You want to proceed carefully here. While it's an exciting time, there's potential for doing real harm if you misstep. There are two cardinal rules that govern when and how to tell your employer that you're resigning.
Cardinal Rule No. 1: Never Give Notice Until You Have Accepted a Formal Job Offer
Too many people give notice when they're "pretty sure" that an offer is coming their way, or when they've only received an informal offer. This can be a huge mistake, because offers fall through all the time. No matter how promising things look with a prospective employer, things can and do change. The company might have a hiring freeze, or a new manager might come in and cancel the position, or the company might hire an internal candidate at the last minute. And if that happens and you've already told your current boss that you're leaving, she's under no obligation to let you rescind that notice. Your current company may have already started moving forward with plans for filling your position, and you won't necessarily get it back.
What's more, not only should you never, ever count on an job offer until you actually have it, preferably in writing, but you shouldn't count on it until you've accepted it too. That's because it's possible that you won't be able to come to terms with the company on pay or benefits or start date, and your negotiations could fall apart. So you want to make sure not just that you have an offer, but that you've formally accepted that offer. Only then should you give notice at your current employer.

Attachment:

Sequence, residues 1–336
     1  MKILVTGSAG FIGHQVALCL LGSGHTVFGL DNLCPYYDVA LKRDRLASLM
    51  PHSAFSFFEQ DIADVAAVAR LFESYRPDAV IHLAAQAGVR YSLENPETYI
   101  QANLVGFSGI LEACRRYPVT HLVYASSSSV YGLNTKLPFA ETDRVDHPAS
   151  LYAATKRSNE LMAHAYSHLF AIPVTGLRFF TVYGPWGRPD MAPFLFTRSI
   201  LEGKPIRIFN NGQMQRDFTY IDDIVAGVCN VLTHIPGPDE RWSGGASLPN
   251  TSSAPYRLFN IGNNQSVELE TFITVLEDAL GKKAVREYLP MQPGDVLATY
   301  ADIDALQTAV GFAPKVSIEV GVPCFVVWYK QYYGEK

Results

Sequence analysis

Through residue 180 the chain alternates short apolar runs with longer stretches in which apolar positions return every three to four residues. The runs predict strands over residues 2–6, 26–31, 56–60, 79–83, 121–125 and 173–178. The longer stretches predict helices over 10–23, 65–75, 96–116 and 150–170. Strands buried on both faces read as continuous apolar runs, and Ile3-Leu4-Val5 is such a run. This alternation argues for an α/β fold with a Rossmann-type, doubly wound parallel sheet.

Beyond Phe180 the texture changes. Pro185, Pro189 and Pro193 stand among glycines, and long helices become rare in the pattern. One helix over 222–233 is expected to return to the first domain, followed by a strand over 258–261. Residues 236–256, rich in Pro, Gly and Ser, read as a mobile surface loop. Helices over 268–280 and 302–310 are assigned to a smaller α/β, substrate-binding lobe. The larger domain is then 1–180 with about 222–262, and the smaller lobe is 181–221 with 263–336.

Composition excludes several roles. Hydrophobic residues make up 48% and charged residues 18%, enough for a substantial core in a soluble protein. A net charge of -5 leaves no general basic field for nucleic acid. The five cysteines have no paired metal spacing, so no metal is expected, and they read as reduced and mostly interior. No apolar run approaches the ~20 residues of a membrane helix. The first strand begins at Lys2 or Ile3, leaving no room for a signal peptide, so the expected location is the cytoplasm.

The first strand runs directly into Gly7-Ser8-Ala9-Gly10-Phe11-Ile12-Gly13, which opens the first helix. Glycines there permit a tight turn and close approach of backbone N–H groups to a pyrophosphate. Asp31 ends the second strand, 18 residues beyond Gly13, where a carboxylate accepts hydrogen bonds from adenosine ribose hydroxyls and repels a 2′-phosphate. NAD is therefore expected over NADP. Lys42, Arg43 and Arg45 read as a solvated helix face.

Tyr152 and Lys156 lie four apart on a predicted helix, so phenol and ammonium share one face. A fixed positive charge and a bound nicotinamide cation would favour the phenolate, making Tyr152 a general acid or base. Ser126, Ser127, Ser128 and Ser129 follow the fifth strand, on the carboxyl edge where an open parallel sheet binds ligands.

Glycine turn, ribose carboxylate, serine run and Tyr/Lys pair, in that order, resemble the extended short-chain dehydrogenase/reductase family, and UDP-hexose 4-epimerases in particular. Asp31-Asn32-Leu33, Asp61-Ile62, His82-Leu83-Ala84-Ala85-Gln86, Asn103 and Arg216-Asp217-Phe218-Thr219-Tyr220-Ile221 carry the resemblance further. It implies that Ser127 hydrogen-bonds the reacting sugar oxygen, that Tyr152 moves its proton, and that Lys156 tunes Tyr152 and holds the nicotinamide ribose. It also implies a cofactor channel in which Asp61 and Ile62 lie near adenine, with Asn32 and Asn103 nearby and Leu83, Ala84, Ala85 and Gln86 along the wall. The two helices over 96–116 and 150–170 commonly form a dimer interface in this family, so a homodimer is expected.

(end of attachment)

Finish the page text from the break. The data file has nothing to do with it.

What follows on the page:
(The exception to this is if you have an excellent relationship with a boss who you know will take the news well and not push you out earlier than you're ready to leave. If you're lucky enough to be in that situation, you can feel safer giving your boss a heads up that you're thinking about leaving.)
Cardinal Rule No. 2: The Amount of Notice You Give
Most people know that professional convention requires them to give at least two weeks notice, but many people wonder about giving more. If circumstances allow you to give your company a more generous notice period, should you?
The answer depends 100 percent on how your manager and your company operate. How have they handled other employees who resign? Are people shown the door immediately? Pushed out earlier than they would have otherwise planned to leave? If so, it's safest to assume that the same may happen to you and give two weeks and nothing more. But if your employer has a track record of accommodating long notice periods, has been grateful to employees who provide long notice, and has generally shown that employees can feel safe being candid about their plans to leave, take your cues from that.
Of course, both of these rules would be unnecessary if employers handled departing employees differently. It's actually in employers' best interest to make it safe for employees to give longer notice periods, but too few of them do. As a result, employees need to make sure they protect themselves.
Alison Green writes the popular Ask a Manager blog, where she dispenses advice on career, job search, and management issues. She's also the co-author of Managing to Change the World: The Nonprofit Manager's Guide to Getting Results, and former chief of staff of a successful nonprofit organization, where she oversaw day-to-day staff management, hiring, firing, and employee development.